[Photo Caption] SITE OF THE CENTENNIAL GARDEN being planned by Cities Service Refinery at oakville is shown in this aerial view. The refinery administrative block is shown at centre left. Special ceremonies are being planned for the start of the project, which will be completed to mark Canada's 100th birthday in 1967.
PLANNING CENTENNIAL GARDEN
Prehistoric type daffodils resembling those growing before the ice age are likely to be included in the centennial garden planned by Cities Service for their refinery in Oakville.
John Bradshaw, a leading Canadian gardening expert, who is consultant for the garden, said the garden would have examples of plants like this up to ten years before they came on the general market.
Mr. Bradshaw, who spoke to Bronte Horticultural Society on the garden recently, said the prehistoric daffodil had ruffled petal like those found in fossils of pre-ice age daffodils.
A Dutch grower who noticed the type in 1922 had developed it. Six years ago when Mr. Bradshaw first came across the variety there were still only 200 bulbs in existence.
It required a million or so bulbs of any variety to allow them to be sold at 15 cents or 20 cents each.
Mr. Bradshaw said the garden of about six acres would include 3,000 rose bushes. It would also have the largest fountain in Canada.
Mr. Bradshaw, who was just back from a trip to Europe, said there was a boom in gardening there. It reflected the prosperity of the countries he visited.
The trend in England was away from the old fashioned Victorian style gardening. The long herbaceous border had given way to small islands of plants around which observers could walk.
Mr. Bradshaw said his counterpart in England, Roy Hayes, had a completely mechanized garden. Mr. Hayes did not have to decide when to water it. A gadget turned on the water when the moisture content of the soil fell below a fixed level and turned off the supply when the soil had enough water. The greenhouse was also mechanized with electrical heating and a mist type of watering system.
First step towards a centenary project in Canada will be taken in Oakville when the first plantings are undertaken June 26 at the Cities Service Refinery centennial garden at the west end of the town.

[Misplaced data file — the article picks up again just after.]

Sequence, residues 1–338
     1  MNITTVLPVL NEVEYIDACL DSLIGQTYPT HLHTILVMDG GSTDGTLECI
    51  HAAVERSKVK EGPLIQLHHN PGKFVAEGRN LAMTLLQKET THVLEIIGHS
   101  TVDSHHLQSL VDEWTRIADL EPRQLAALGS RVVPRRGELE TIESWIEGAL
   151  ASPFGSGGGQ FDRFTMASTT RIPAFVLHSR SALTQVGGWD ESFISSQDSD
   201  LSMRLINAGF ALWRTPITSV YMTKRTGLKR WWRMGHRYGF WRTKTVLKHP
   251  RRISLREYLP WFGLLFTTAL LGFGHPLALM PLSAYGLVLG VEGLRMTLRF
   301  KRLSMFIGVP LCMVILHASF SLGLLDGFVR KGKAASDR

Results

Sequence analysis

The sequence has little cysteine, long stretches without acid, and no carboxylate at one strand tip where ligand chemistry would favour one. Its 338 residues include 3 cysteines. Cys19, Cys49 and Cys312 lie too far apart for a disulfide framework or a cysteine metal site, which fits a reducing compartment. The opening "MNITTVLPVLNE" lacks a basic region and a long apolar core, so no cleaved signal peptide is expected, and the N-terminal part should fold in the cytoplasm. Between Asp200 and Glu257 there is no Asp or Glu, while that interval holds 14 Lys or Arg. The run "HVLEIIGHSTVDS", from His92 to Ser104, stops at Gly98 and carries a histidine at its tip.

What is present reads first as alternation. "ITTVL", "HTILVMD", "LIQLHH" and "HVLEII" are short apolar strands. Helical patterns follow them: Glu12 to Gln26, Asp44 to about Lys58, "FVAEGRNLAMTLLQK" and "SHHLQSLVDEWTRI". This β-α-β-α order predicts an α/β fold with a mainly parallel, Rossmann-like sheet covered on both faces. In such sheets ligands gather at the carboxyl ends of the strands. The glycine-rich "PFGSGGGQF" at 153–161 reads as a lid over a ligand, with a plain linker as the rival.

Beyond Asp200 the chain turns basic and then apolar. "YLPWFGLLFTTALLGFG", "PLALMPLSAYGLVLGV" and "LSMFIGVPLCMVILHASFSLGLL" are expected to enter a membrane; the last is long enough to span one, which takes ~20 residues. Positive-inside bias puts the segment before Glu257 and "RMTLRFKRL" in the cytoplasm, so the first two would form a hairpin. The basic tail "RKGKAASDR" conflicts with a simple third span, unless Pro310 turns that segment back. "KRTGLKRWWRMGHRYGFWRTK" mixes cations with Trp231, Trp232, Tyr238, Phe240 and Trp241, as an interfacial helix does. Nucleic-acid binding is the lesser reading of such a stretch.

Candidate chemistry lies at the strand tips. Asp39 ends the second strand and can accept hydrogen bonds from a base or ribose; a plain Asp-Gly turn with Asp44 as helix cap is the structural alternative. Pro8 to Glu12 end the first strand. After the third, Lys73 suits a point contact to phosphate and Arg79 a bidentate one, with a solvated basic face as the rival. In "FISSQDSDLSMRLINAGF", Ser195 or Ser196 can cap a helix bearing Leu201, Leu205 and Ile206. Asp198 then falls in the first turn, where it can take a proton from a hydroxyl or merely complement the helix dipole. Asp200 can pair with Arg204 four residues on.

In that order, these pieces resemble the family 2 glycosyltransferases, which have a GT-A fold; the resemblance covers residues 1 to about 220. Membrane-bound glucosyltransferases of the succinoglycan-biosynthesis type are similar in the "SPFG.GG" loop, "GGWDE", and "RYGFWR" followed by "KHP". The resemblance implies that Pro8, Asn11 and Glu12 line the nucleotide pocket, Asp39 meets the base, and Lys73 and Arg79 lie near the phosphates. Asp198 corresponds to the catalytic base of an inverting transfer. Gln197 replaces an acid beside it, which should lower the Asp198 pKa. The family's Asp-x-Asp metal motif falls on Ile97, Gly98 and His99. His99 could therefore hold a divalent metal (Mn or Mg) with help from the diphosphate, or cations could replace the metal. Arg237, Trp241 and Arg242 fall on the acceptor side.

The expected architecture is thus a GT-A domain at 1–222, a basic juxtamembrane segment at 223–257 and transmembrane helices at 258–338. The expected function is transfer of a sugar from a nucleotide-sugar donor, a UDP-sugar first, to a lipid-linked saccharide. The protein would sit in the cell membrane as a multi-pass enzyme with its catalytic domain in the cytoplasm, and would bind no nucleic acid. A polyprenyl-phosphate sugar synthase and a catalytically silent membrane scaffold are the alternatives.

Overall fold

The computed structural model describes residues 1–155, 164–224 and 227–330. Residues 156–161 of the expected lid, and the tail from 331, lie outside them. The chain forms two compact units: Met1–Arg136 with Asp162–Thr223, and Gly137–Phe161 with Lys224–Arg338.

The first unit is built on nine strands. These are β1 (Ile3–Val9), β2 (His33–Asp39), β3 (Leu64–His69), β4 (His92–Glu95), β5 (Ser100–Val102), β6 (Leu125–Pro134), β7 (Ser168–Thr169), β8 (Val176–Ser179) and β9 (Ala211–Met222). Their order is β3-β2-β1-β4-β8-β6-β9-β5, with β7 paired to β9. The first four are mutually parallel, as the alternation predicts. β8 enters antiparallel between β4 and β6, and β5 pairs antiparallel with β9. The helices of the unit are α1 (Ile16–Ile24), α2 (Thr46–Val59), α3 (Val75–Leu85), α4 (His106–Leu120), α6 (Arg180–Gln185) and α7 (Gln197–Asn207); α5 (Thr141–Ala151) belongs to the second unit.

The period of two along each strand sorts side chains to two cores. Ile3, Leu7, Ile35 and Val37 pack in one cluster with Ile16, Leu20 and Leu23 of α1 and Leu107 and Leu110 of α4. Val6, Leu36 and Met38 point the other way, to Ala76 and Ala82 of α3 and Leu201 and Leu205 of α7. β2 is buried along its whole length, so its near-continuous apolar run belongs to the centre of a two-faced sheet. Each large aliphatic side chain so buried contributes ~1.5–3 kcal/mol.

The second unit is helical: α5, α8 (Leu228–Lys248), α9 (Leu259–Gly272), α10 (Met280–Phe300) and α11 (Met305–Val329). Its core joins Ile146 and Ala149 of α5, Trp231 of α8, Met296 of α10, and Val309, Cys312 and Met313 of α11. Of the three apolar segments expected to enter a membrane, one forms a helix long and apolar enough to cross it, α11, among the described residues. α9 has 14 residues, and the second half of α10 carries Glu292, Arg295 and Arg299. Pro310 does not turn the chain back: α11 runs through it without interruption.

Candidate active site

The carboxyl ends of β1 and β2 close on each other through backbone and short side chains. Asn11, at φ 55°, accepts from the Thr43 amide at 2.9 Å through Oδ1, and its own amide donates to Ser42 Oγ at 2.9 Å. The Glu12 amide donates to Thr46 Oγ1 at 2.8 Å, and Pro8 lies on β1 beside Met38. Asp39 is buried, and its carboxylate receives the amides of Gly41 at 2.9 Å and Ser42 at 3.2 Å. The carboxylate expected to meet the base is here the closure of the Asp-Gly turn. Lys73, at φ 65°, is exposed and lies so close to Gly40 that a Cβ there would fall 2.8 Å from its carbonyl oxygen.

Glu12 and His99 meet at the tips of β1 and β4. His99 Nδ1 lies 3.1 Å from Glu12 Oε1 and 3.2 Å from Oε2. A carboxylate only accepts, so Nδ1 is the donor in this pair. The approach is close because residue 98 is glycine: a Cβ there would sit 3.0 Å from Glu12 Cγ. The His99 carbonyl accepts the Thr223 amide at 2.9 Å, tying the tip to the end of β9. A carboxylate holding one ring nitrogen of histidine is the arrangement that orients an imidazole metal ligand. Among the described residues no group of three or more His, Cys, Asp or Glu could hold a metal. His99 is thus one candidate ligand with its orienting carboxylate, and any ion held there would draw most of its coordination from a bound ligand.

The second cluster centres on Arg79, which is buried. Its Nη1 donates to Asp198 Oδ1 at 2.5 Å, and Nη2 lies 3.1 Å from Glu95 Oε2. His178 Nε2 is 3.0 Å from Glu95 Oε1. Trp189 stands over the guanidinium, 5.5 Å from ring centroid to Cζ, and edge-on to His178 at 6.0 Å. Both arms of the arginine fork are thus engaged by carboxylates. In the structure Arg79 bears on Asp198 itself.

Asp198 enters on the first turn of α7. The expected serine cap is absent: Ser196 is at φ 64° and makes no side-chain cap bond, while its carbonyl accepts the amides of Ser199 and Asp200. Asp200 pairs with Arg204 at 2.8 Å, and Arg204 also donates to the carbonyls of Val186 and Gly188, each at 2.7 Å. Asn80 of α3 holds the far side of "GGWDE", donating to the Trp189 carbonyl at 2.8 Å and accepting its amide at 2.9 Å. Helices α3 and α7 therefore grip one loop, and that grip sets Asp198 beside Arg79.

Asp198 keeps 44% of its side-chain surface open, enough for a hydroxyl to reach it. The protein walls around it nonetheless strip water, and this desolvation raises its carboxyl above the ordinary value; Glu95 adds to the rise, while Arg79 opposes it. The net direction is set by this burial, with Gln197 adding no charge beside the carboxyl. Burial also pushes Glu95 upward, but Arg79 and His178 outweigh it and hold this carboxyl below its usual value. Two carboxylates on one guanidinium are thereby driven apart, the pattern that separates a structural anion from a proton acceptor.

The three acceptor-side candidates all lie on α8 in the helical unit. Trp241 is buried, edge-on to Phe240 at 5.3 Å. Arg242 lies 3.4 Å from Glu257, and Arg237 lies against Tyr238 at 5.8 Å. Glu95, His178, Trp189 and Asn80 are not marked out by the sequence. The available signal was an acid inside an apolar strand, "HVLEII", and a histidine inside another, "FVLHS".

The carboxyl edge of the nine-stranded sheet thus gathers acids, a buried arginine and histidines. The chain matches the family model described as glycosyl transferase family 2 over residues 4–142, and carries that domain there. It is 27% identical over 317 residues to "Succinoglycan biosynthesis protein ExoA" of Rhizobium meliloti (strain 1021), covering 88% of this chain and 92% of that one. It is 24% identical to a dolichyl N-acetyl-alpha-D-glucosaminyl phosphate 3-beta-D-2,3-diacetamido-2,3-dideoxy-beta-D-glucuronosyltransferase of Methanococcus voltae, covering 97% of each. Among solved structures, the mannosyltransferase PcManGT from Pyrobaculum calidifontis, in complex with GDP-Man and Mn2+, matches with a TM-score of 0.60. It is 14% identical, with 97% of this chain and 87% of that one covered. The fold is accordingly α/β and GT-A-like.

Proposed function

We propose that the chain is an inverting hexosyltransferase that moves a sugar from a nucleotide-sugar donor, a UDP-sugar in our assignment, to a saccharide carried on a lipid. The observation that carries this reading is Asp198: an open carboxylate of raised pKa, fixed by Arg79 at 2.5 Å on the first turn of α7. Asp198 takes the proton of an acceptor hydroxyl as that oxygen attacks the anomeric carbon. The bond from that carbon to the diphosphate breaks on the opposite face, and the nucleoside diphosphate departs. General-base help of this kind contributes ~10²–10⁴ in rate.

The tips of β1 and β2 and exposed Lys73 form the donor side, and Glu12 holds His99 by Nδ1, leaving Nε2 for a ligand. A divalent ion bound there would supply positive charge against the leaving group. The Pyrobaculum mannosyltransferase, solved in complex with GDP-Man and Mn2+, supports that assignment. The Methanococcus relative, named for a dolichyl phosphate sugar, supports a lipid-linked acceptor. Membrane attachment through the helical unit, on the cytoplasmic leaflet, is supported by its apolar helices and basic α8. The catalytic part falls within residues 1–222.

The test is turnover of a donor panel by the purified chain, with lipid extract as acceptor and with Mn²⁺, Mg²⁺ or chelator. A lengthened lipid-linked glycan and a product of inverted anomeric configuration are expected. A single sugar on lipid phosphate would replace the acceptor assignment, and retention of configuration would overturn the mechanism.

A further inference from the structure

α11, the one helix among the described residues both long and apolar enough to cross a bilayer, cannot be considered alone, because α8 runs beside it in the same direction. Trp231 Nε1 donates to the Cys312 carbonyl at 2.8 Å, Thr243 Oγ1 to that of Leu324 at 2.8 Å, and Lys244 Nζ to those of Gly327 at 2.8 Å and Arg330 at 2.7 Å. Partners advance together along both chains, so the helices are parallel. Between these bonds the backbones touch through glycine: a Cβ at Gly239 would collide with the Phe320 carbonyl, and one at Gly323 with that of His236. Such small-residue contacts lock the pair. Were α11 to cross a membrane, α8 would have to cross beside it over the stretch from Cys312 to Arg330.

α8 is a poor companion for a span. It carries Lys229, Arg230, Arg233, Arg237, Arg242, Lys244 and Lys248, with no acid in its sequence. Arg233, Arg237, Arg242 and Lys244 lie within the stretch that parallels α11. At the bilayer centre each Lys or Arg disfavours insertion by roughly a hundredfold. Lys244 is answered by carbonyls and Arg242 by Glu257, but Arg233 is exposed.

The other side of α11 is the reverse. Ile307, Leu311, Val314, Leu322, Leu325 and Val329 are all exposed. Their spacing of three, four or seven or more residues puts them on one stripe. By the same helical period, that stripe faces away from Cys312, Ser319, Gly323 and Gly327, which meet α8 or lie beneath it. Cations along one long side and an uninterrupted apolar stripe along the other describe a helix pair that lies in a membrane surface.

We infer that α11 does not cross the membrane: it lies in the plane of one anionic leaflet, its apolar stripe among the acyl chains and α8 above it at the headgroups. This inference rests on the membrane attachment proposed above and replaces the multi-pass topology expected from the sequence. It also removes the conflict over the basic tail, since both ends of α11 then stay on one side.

Dr. Norman McKenzie, former chancellor of the University of British Columbia and now chairman of the Canadian Centenary Council is expected to come from Vancouver to attend the ceremonies.
A marquee will be erected on the site of the 6 1/2 acre garden for an opening reception.
Guests will include A.P. Frame, the new president of Cities Service Refinery as well as Oakville municipal officers and leading figures in the horticultural world.
It is hoped to plant flowers representing each province at the first planting ceremony to start the Canadian garden section.
The garden, on a bluff overlooking a scenic greenbelt and Twelve Mile Creek at the east side of the property, will be constructed in stages with the first big floral display next spring. It is expected to be completed by 1966 and dedicated as a centennial project early in 1967.
A spokesman for Cities Service said the garden would be a floral showplace featuring popular flowers. It would be in continuous bloom from May each year until Thanksgiving, with displays changing constantly.
A children's garden and a garden of the future to display new hybrids were also planned, he added.
John Bradshaw, Canadian garden authority is the consultant and the garden will be designed by Parkway Planning Associated of Ottawa.
E.A. Bumby, president, Bronte Horticultural Society, and H.C. Rickaby, president, Oakville Horticultural Society, are members of the garden advisory committee which also includes David Burpee, president W. Atlee Burpee Seed Company, Philadelphia; R. Ray Hastings, All-American Selections, Harrisburg; T.W. Thompson, Metro Toronto parks commissioner; Dr. R. Milton Carleton, research horticulturalist, Chicago; A.R. Buckley, Canadian Department of Agriculture, Ottawa; Russell A. Gomme, Ontario Horticultural Society, Toronto; Donald S. McConnel, Roses International, Port Burwell; Howard Bodger, Bodger Seed Ltd., El Monte, Calif.; Gustav Springer, Netherlands Flower-Bulb Institute North American Director; Matthew Zanbergen, horticulturalist, Sassesnheim, Holland; and Jan De Graff, leading lily breeder of Gresham.